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The future stands still, but we move in infinite space.

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Being a feminist here- and beyond.

Right now I'm in a coffee shop, trying to get math homework done, and I keep being interrupted by small talk from this one guy sitting at the table adjacent to mine. He's probably around my dad's age, keeps commenting on what I'm eating (?), said its awesome that I'm studying (THANKS) and also handed me this article in the paper because I would be able to relate- it was a story about high school students. Actually, the story was about a group of boys who hosted a prom "draft" where they ranked girls and got to choose. A second ago I was thinking about how I wish I was wearing a sweatshirt with more coverage because the sweater/tank top combination I'm wearing feels too revealing under this gaze. Last night, I tweeted about this dress a certain actress was wearing at this huge art-fashion gala, and then later regretted my tweet because an interview came out where she was asked if she was a feminist, and her response was "No, I love men!"

Somehow, I think I might have more of my math homework done if I was that boy on the other side of the room and not my 18 year old girl self. Nobody is expecting him to entertain them. I'm not saying this guy next to me even meant anything by his bothersome behavior, or that the celebrity is anything besides misinformed, but please, don't tell me that feminism is not relevant today, here- and I haven't even gotten into the multitude of greater things that plague American women every day in 2014.

However, I live in a nation that has progressed.

I have to admit I've read a few more important articles since that thing about the anti-feminist artist- about women dealing with a lot more at stake than their salary or the respect they are denied. In Nigeria, almost 300 girls around my age and younger have been kidnapped in a terrorist group's attempt to deny them of education, freedom, and quite possibly their lives. They were kidnapped three weeks ago and are still in captivity, or worse, already sold into underage marriage or enslaved (albeit, those two things are not very different).

Their issues are not the same as my issues. I live under a shelter of security and what's wrong and upsetting to me is miles from the reality of the problems out there beyond my spot typing away at this coffee shop. I know I can't make a direct impact, but I can't help but think that anyone who wants to fight for the equality of the sexes in the west should be absolutely appalled to see that a person's gender is causing not only their education to be threatened but also their entire existence. Their safety is our concern at the moment, but the only way change will happen in the long term is if we attack the issue of education and work to make it an undeniable right to every human being.

All Hail Optimus Prime!!

On Where Pianos Roam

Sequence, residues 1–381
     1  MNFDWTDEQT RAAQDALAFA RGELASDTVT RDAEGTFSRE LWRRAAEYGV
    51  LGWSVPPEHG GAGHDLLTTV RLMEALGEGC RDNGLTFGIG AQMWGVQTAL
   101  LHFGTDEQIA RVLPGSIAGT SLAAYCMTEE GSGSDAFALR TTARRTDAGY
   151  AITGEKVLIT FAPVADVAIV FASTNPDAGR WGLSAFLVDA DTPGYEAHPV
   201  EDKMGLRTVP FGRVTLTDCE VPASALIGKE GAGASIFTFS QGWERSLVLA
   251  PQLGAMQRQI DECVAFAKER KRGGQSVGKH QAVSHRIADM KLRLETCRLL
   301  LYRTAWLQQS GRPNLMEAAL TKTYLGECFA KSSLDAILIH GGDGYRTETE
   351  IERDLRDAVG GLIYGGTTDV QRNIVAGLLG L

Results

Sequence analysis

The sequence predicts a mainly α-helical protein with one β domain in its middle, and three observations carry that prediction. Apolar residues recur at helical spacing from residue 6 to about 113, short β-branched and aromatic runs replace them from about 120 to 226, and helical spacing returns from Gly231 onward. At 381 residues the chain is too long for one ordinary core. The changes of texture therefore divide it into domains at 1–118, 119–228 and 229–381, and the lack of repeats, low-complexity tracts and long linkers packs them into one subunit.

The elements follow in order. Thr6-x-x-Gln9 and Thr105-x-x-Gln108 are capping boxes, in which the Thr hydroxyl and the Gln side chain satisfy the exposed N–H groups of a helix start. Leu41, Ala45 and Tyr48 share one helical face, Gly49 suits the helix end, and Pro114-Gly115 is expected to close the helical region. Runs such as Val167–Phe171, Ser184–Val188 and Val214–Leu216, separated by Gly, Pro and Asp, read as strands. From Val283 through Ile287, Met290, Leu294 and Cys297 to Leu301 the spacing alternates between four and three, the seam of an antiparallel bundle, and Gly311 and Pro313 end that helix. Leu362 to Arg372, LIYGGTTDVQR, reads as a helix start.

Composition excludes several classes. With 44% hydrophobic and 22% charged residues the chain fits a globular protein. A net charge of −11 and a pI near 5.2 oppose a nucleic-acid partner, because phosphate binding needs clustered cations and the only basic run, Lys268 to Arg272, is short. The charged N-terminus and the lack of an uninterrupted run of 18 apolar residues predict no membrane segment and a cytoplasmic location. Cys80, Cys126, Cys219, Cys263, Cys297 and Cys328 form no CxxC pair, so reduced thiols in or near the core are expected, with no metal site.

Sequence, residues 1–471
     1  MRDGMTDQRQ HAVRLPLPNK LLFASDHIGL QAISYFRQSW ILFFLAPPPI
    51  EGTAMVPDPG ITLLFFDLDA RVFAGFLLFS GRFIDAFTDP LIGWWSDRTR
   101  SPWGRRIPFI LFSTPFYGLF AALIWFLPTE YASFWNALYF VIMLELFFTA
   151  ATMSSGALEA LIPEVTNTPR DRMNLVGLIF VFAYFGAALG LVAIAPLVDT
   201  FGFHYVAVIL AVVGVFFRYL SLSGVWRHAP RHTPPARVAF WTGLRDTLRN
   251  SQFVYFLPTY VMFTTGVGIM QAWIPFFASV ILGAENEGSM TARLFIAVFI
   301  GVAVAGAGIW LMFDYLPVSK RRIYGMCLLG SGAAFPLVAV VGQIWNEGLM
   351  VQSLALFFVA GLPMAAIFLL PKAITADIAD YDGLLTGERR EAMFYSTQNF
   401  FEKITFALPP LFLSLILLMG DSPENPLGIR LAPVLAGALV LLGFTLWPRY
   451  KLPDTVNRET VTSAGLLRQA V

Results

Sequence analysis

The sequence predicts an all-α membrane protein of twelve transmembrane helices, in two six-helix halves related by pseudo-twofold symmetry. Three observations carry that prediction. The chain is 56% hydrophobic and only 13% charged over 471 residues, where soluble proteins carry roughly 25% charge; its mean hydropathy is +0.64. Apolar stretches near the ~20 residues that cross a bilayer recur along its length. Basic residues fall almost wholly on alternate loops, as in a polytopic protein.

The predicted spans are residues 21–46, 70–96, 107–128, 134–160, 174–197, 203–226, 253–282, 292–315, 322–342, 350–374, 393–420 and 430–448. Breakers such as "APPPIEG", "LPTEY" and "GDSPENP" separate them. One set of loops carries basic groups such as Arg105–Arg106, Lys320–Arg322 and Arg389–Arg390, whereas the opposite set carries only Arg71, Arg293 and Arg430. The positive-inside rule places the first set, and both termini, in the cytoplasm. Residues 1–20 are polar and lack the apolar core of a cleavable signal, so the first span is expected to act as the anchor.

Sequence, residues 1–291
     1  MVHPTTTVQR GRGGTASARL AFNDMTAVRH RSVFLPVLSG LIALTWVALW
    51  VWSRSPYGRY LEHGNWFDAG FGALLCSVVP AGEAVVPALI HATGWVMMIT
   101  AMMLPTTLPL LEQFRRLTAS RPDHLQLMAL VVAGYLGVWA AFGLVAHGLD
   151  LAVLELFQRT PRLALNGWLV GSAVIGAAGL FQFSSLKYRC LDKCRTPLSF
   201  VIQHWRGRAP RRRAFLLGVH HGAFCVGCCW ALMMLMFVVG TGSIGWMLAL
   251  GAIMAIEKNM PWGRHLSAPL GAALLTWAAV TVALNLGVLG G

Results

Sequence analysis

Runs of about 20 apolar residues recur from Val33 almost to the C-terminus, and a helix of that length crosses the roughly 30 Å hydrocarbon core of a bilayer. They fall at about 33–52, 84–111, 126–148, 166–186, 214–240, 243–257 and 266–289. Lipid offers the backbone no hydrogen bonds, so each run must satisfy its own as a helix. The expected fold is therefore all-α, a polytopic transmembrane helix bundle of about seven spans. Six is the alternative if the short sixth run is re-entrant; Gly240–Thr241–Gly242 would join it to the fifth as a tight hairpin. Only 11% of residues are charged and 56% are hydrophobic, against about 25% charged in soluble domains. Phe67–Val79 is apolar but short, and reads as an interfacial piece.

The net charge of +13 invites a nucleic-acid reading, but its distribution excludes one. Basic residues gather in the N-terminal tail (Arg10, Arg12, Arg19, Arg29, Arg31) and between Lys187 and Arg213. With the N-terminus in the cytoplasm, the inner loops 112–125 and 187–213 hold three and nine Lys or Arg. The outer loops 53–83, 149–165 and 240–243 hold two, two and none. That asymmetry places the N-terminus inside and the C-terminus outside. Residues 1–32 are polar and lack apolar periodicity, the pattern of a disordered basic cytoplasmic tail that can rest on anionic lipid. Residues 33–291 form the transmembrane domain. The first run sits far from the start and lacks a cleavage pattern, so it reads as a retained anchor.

Last night, I went to see a late night showing of the new movie "Transformers: Revenge of the Fallen". Now, after much thought on the way home, as I lay in bed this morning, while I took a shower, and as I ate breakfast, I offer up my review of this long-awaited Transformers sequel. First off, I have some disclaimers .  .  . 1.  I went into the movie theater wanting to love this movie, and so, admittedly, this review is coming from a Transformer fan/enthusiast (and not some casual moviegoer fulfilling a simple curiosity over cars that turn into robots). 2.  When I do a review, I try to base it solely on the film's actual merits and to take the film for what it is (as opposed to what I might want it to be).   I make the strongest consideration for what I feel the film-makers were going for, as opposed to making comparisons to other films and/or prequels. 3.  I might suggest that you see this movie for yourself before reading my review.  (There are no plot spoilers here.)  Otherwise, if you do read this, take my review with a grain of salt and decide for yourself how you feel about it.  All are welcome to agree and/or disagree with my assessment. So, here goes .  .  . Yes, I sat in the movie theater with the best of hopes that I would love "Revenge of the Fallen".  As it turns out, I do love it, but unfortunately, not as much as I had hoped. First, the good news .  .  . In terms of special effects and masterful visual art, director Michael Bay and friends have clearly outdone themselves.  Colossal meteors falling from the sky, panoramic fighting scenes on rugged Egyptian landscapes, slick and modern machines traveling at ungodly speeds, fighting scenes jam-packed with action and swift movement .  .  .  I could go on and on.  The cinematography is first rate--every shot framing each dazzling focal point with skill and a visual artist's discerning eye. Color is used to great effect as well.  Bright and shiny primary colors for the Autobots, and darker, dirtier, metallic hues for the largely camouflaged  Decepticons. The entire film has such a vivid look to it.  It's all quite beautiful. Then, there is the sound.  On a technical level, this film should receive recognition for the sounds it employs.  The fighting sequences are made more jarring and  more spectacular with these piercing and otherworldly sounds--making the scenes so much more potent and effective. Just about all of the main characters from the first film have returned for this second instalment.   I'm quite happy about this since I think they made for a pretty solid ensemble cast. Shia Lebouf puts in a more beffuddled and dorky performance this time around and does so to great effect.  One scene in particular had me  rolling. There was a good bit of humor in this film that helped balance out all of the gloom and doom.  I can appreciate it when a  film doesn't try to take itself too seriously.  This movie has some very funny moments. This sequel has also not diminished my love for Optimus Prime.  He's one of my favorite leaders and heros in films.  He does not disappoint in this sequel.  (I hold a high fondness for trucks.   Always have.) Finally, I actually really liked that the Decepticons took most of center stage this time around.  We get to see the sheer scope and volume of what they are capable of--the wrath with which they hone their particular brand of selfish evil.  They are quite a resourceful and scary little batch of villains. So now, the not so good news. I think I can some up most of what I did not like about this film in one sentence .  .  . This film lacks depth.  (Cringing while I typed this.) With the presence of huge fighting scenes and all out war between the Autobots and the Decepticons, there was the absence of substantive character and plot development.  I found myself trying to latch onto some sort of emotional handle on this thrill ride but could not find one.  The chemistry between Shia and Megan Fox left much to be desired.  No friendships and bonds were neither strengthened nor dissolved.    It all felt a little empty.   (For example, I really loved the bond between Shia's character "Sam" and Bumblebee.  A man's car has always rivaled dogs as his best friend.  There was very little interaction between them.) Now, most people would dismiss a movie like Transformers and say that it's not exactly the kind of film that Oscar-voters would salivate over (although it should clearly be in the running for all of the technical awards).   This latest instalment which favors more of a formulaic, action-driven model would justify such a dismissal; however, it doesn't have to be this way. With themes of compassion, friendship, transformation,  humanity, good triumphant over evil, and love, I feel that these Transformer films are capable of so much more depth.  These are the kinds of elements that can transform a film from being a regular summer blockbuster into a timeless classic.  These are the kinds of qualities that help a viewer personally relate to a film.   These Transformer movies  could be on the level of brilliant epic sagas like Star Wars, The Lord of the Rings, and even the latest Batman films.  Sadly, this  sequel does not  elevate the Transformer franchise  to such a lofty status. (Incidentally, there is a new addition of Autobots in the film who are "twins" as it were.   While they had a couple of funny moments, they just seemed odd and out of place.  A comparison to Jar Jar Binks comes to mind, but that would be too harsh.  They were not so much annoying as they were unnecessary.  I wouldn't be sad if they disappeared in the next film.) In closing, I have to say that all is not lost.  I still strongly recommend seeing this movie in theaters.  The visual work alone is worth seeing on the big screen.  It's all fantastically, mind-bogglingly amazing!  (I plan on seeing it again in an IMAX theater.) It's still 2 and a half hours of non-stop thrills, fun, and action-packed Autobot magic.   Bumblebee is still adorable.  Megan Fox is still ridiculously GORGEOUS, and thank the almighty powers that be .  .  .  . .  .  .  .  rest assured .  .  .  . .  .  .  .  Optimus Prime is still a motherfucking badass!! (Pardon the French.) -gordon